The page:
If you like the previous idea but would prefer colour than can be more readily changed, why not copy Jo Lowry who revamped the kitchen in her 1970s house in Nottingham?

Jo opted to paint the window recesses a bright zingy yellow. ‘I saw the idea on a Scandi design Facebook page and loved it,’ she says. ‘Since I didn’t want curtains or blinds, this makes an ideal alternative to suit the clean-lined look.’

Units, Wren Kitchens

Window recess painted in Saffron vinyl matt emulsion, Wickes

Tea towel, Ferm Living


Lots of people I interview say ‘I didn’t want the room to look too kitcheny’. One way to achieve this is by foregoing wall units for open shelving, but if you need every inch of storage you can possibly get, another way is to opt for a two tone look with different coloured cabinets.

Miriam Peers has this look at her new build apartment in Manchester. ‘Although we didn’t get to choose the kitchen, it suits the space well and has grown on me,’ she says. ‘My dream would be a contemporary look with an industrial twist - perhaps grey painted wood with a big island and statement lighting - but for now this works really well and I like the combination of wood and white.’


By spacing out these aluminium effect wall units, interior designer Cathy Dean has given a designer feel to the kitchen of this Victorian apartment in Newcastle, which is open to the living area.

‘I considered painted shaker units but didn’t want a pastiche of something old,’ says homeowner Elizabeth Wiggins. ‘Then I thought about an ultra modern gloss white kitchen but was worried it might feel too stark and clinical.’

Eventually Cathy suggested contemporary handless units to contrast with the period features, but in a warm stone effect colour, which stand out against a dark purple brown feature wall. A beautiful ex-display extractor hood, that looks like a light fitting, finishes off the look perfectly.

Hacker units, Callerton Kitchens

Feature wall in Purple Brown, Little Greene

Bar stools, Cult Furniture


Several homes we’ve shot for magazines have featured reclaimed scaffold boards, and it’s easy to see why they’re so popular. They’re cheap (normally around £5 each from a timber merchant) and they suit both modern and traditional kitchens.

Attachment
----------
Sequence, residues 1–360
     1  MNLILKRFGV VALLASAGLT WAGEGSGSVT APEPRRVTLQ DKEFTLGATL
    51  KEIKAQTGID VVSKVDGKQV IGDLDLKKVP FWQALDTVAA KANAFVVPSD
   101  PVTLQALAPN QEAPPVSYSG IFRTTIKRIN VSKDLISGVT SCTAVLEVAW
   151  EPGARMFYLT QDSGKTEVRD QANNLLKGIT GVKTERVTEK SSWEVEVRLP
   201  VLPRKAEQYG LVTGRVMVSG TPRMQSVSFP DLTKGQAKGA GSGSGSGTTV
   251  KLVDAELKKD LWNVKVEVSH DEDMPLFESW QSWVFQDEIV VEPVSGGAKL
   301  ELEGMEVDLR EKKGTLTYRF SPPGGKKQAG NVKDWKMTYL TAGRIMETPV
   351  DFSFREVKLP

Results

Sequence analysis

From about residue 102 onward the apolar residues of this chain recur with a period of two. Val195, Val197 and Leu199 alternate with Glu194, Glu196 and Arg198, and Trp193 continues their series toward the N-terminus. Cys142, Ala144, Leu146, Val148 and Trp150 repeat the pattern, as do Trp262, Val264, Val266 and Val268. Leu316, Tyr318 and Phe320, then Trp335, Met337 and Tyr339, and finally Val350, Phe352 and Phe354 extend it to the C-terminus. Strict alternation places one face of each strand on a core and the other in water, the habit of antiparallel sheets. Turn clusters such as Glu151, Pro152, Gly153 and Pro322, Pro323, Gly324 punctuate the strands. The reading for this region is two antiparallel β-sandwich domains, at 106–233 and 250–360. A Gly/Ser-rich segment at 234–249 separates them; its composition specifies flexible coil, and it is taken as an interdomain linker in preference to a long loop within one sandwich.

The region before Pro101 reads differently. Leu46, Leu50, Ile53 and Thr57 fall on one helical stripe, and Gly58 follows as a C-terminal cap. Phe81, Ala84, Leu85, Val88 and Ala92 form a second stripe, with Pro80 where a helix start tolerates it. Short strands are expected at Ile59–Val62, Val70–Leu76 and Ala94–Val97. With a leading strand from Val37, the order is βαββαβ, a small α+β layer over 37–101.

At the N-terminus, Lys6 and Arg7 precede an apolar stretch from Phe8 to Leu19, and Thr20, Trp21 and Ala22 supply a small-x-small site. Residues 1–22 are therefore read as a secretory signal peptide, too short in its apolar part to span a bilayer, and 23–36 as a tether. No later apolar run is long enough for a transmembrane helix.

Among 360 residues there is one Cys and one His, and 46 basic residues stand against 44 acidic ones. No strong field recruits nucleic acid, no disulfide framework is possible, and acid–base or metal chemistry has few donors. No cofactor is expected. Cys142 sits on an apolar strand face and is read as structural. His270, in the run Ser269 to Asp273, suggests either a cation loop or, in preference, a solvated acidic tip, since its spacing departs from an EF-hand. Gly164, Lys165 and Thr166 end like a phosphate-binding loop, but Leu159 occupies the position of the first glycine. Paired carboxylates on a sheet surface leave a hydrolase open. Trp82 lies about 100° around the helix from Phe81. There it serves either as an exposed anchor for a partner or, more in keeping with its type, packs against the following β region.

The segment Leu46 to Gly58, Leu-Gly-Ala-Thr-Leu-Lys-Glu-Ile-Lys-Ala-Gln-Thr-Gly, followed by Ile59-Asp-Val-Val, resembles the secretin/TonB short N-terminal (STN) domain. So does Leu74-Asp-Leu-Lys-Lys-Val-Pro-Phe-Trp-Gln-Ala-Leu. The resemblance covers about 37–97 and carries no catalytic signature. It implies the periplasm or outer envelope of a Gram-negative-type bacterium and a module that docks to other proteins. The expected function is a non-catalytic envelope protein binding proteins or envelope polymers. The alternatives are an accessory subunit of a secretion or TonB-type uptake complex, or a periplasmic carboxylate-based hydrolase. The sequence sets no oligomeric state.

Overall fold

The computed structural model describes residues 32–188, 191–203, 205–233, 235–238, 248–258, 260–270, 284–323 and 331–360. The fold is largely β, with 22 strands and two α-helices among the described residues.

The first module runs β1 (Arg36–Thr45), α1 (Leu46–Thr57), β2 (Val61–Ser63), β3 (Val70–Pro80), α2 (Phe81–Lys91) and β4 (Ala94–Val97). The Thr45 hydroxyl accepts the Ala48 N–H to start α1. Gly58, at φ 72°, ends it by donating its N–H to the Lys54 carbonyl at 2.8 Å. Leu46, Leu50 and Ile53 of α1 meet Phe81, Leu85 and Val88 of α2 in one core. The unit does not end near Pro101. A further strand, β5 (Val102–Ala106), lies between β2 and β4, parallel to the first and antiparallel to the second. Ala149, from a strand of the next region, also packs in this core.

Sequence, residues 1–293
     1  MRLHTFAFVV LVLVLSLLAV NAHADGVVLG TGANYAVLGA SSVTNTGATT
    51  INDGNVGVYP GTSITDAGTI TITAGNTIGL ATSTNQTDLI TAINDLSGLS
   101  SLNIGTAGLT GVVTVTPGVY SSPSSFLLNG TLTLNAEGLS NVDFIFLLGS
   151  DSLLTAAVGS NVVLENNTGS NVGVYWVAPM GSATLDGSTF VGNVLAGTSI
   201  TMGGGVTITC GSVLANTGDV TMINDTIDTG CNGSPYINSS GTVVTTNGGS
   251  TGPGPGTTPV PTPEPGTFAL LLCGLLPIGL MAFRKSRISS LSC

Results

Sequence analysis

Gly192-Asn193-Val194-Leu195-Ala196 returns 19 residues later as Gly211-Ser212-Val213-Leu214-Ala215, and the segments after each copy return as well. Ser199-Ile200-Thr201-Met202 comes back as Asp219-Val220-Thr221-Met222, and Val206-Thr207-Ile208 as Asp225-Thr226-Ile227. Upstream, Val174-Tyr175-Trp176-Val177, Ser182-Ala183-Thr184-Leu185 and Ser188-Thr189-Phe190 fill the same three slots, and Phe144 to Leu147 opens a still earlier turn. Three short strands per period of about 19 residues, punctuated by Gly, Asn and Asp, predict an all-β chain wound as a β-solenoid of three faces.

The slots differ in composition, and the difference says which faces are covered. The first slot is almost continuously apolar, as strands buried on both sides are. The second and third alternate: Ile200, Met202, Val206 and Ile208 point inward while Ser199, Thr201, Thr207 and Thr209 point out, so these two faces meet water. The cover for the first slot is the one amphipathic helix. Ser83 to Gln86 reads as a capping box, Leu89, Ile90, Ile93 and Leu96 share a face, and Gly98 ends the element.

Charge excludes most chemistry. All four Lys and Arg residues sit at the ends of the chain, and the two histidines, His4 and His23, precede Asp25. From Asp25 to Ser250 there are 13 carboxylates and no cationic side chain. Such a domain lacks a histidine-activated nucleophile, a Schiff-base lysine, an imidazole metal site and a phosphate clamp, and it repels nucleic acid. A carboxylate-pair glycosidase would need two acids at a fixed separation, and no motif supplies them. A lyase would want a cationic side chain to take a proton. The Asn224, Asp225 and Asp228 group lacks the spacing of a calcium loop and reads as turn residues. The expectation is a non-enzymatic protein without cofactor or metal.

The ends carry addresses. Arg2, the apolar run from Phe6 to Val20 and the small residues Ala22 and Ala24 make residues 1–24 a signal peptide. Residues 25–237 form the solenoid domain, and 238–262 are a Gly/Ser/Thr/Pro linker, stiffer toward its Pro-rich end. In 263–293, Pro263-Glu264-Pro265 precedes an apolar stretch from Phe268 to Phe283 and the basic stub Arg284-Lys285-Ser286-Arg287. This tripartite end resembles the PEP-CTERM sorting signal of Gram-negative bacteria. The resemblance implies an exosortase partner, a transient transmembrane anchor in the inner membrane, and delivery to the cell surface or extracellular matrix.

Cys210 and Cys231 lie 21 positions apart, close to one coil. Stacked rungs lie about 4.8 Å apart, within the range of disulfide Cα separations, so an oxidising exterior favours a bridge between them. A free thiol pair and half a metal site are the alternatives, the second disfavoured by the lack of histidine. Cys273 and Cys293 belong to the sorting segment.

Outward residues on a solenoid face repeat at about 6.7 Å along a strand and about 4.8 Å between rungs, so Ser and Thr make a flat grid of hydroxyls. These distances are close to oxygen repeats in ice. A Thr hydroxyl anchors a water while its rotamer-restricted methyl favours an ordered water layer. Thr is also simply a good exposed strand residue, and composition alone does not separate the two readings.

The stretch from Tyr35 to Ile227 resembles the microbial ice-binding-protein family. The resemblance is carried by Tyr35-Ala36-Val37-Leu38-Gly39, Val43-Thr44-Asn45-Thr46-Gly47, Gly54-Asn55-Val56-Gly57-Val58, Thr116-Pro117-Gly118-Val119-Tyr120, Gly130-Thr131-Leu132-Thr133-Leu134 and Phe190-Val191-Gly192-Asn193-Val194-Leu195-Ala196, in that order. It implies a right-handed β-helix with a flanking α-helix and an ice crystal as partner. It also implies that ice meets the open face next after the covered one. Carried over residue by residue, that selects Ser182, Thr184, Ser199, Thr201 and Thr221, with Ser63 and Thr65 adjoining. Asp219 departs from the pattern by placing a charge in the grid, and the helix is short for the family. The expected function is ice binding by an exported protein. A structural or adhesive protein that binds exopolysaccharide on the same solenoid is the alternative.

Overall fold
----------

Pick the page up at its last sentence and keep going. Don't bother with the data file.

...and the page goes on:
So if you love this industrial look, follow in the footsteps of Rebecca and Wes Walding who have staggered three scaffold board shelves in the kitchen of their 1920s semi in Normanton, West Yorkshire. They’ve even inscribed them with the birth years of their three children - such a sweet idea.


When Nicola and David Rasores-Parry bought a 1930s semi in Chester, they weren’t keen on the existing white kitchen units but couldn’t afford a whole new kitchen.

‘In the end we kept the base units but replaced the wall units with original ‘50s cabinets we found on Ebay and Gumtree,’ says Nicola. ‘Then we painted them all grey and yellow to jazz them up.’

To finish off the look, they added green Metro tiles behind the cabinets and created a feature wall of retro style wallpaper at one end.

The starting point for the colour scheme was the block-printed artwork which Nicola and David made in their garden workshop. It inspired the paint colours on the kitchen units, as well as the green Metro tiles.

Colours Orsino wallpaper, B&Q

Wall tiles, Walls and Floors


As if this gorgeous kitchen wasn’t fabulous enough, homeowners Katie and Jamie Allen have elevated the design to another level with the addition of a copper sink and bespoke tap made by her plumber.

Katie and Jamie converted a former post office and shop in Helperby, North Yorkshire and Katie is one half of interior design duo along with sister Rebecca. She wanted to create a show stopping kitchen that would form the heart of her home. The wall lights are original vintage communist scissor lights, which finish off the look perfectly.

Bespoke units, Chapel Kitchens

Arabescato marble worktops, Belgravia Stone

Copper sink,

Tap, Pacific Heights Plumbing

Wall light, Trainspotters